- Public myths around resource nationalism—and the evils of private investment—are hard to break once entrenched in the public consciousness, including in Mexico, a country with an open economy and a legacy of free trade agreements.
- Still, consumers can be very pragmatic, welcoming private competition and imported commodities if they provide the best value for the money.
These insights also offer lessons for public and corporate policy:
- Active efforts to create clarity on the cost and timeline to benefit from reforms—even if they complicate consensus-building at the outset—can help avoid the unraveling of support from unmet expectations. Politicians need to address constituencies forthrightly to shape expectations.
- Once public disappointment in reforms is rooted in personal experience, reshaping the public outlook may require alternative positive personal experiences—for example, retail supplier competition delivering better quality gasoline or ensuring that a liter bought is a liter delivered at the pump. Government promises that conflict with people’s personal experiences have little credibility.
- National benefits and timelines must be made concrete. For instance, politicians could highlight the oil and gas contracts awarded, timelines for exploration and production, power auctions completed, and contracted prices to supply electricity—actions that make credible the flow of future benefits.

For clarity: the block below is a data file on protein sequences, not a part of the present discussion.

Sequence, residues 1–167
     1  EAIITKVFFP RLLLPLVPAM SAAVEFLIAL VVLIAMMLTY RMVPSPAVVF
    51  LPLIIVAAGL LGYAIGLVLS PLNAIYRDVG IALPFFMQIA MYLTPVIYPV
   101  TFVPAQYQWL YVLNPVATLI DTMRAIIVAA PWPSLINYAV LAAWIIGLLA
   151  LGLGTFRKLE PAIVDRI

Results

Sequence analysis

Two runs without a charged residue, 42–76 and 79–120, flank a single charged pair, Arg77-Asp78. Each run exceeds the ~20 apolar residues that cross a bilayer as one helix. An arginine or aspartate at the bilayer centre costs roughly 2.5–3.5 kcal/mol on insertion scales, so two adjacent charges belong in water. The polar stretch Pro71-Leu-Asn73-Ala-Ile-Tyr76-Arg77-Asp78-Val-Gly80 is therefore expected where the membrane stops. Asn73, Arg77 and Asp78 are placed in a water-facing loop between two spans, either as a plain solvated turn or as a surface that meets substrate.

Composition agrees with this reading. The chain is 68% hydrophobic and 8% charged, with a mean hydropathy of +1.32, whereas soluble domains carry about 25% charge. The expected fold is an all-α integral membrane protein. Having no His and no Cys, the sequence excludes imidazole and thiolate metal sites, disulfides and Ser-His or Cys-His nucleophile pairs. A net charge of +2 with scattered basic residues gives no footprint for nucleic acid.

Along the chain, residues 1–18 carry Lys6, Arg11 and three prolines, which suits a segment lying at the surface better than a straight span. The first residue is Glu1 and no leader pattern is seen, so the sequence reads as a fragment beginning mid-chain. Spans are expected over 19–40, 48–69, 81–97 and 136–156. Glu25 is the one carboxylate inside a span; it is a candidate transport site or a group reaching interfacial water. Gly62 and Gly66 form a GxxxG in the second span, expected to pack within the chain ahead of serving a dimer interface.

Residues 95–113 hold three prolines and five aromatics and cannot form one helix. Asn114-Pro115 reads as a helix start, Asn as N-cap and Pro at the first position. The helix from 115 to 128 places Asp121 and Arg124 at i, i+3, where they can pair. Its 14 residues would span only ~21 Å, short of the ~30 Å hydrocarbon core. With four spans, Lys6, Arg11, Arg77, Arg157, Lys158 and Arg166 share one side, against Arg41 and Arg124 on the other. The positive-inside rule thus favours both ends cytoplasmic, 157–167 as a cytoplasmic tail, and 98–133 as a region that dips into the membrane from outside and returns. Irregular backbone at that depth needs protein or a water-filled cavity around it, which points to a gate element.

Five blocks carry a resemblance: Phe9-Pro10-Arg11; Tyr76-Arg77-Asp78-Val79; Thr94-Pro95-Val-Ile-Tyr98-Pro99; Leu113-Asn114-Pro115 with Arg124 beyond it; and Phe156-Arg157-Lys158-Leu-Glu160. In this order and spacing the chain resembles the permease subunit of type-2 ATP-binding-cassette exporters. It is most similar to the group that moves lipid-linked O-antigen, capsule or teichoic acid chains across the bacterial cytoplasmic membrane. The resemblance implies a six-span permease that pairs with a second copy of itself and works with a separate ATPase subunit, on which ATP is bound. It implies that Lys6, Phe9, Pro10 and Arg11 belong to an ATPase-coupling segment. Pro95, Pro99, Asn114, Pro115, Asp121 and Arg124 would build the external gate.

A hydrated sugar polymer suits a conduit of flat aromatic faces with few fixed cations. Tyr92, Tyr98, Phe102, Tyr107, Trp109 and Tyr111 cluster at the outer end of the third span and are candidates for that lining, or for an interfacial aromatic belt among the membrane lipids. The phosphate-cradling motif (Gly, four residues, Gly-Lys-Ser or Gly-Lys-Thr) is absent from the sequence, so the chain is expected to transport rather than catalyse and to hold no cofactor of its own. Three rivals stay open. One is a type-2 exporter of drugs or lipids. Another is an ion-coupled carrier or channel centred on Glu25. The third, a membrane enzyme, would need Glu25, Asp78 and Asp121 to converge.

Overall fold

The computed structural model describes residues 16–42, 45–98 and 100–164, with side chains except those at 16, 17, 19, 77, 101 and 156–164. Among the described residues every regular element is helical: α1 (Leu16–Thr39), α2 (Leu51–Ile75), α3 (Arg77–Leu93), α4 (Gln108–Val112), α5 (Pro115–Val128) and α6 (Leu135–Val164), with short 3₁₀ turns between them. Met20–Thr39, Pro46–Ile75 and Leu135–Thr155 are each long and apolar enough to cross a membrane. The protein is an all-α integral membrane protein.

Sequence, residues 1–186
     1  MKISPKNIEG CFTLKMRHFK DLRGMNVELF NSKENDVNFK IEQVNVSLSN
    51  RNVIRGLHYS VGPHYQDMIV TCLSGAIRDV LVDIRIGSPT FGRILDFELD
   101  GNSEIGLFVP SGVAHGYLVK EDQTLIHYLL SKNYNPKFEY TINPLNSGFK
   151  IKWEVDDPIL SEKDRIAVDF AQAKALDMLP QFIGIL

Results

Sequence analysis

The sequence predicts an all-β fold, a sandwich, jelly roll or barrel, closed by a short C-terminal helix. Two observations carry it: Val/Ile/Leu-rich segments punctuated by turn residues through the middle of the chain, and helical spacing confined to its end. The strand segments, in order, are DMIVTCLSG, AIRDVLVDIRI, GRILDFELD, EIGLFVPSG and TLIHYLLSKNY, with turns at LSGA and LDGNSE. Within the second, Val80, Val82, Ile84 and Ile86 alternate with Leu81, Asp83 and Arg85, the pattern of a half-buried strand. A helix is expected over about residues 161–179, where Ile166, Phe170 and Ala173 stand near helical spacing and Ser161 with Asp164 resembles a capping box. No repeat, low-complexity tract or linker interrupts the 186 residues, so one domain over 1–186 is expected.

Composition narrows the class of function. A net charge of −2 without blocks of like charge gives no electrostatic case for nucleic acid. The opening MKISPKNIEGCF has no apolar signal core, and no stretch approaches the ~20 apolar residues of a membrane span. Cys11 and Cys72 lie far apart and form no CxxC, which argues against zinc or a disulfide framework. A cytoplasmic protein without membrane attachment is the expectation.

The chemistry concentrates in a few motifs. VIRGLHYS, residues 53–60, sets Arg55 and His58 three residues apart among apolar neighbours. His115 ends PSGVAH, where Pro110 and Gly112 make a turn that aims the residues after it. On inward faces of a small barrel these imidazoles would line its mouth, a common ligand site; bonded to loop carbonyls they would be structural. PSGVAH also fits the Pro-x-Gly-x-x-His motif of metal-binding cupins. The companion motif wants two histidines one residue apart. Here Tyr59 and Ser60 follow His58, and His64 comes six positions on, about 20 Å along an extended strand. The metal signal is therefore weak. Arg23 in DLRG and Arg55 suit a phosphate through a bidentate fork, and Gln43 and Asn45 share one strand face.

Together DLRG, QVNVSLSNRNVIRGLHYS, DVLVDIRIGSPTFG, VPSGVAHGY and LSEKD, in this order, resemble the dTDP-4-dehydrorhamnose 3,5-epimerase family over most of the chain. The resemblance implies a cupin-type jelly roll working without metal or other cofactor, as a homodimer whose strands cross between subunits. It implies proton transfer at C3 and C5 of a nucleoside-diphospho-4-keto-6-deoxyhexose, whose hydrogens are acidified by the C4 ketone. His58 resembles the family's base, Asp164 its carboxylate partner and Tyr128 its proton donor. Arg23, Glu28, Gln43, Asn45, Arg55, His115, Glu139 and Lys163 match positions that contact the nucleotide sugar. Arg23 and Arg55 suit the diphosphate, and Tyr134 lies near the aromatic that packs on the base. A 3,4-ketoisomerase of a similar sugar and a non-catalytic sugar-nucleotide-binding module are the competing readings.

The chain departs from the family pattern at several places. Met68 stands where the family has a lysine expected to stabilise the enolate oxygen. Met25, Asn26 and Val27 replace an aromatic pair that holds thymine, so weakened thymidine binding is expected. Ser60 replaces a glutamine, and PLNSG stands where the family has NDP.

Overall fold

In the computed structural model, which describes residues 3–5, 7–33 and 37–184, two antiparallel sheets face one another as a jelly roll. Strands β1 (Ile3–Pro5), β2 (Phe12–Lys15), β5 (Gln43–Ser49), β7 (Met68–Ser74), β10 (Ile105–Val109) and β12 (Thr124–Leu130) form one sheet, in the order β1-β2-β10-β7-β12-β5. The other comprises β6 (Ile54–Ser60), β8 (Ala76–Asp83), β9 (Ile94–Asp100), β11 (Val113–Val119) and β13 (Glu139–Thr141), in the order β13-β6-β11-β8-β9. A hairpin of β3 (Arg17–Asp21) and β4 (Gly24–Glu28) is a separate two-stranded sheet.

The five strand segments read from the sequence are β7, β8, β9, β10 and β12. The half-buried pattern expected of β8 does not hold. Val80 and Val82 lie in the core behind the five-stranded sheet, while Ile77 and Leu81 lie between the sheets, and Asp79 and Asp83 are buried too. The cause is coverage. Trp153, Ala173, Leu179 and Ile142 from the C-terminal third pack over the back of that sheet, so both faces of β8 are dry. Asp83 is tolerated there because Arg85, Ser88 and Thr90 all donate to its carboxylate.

- Populist myths—such as the idea that setting low gasoline and electricity prices has no cost—are hard to puncture when the public wants to believe them. Not challenging them ensures they will persist. To effectively challenge such myths, the alternative benefits must be tangible and personal: new jobs, better service, fuel or power supplies where and when the public needs them.
Report Produced by Brookings Initiative on Climate Research and Action
- “Asi cierran las precampañas,” Grupo Reforma, 2018, https://gruporeforma.reforma.com/interactivo/encuestas/enc_cierre_precampanias/index.
- Secretaría de Energía, “Con los proyectos en este año las inversiones totales comprometidas con la Reforma Energética rebasarán los 200 mil millones de dólares: PJC,” Government of Mexico, February 8, 2018, https://www.gob.mx/sener/prensa/con-los-proyectos-a-realizar-en-este-ano-lasinversiones-totales-comprometidas-con-la-reforma-energetica-van-a-rebasar-los-200-mil-millones-de-dolares-pjc.
- Poll was conducted by El Financiero from March 9 to 14, 2018, polling 1,200 Mexican adults nationwide with face-to-face interviews. Confidence level of 95 percent with a +/- 2.8 percent margin of error. Summaries of the poll results can be viewed at: “El respaldo y la desconfianza a la Reforma Energética,” El Financiero, April 27, 2018, http://www.elfinanciero.com.mx/opinion/colaborador-invitado/el-respaldo-y-la-desconfianza-a-la-reforma-energetica and Carlos Pascual, David G. Victor, and Rafael Fernandez de Castro, “North America’s energy future on trial in Mexico’s presidential campaign,” Brookings Institution, June 5, 2018, https://www.brookings.edu/blog/order-from-chaos/2018/06/05/north-americas-energy-future-on-trial-in-mexicos-presidential-campaign/.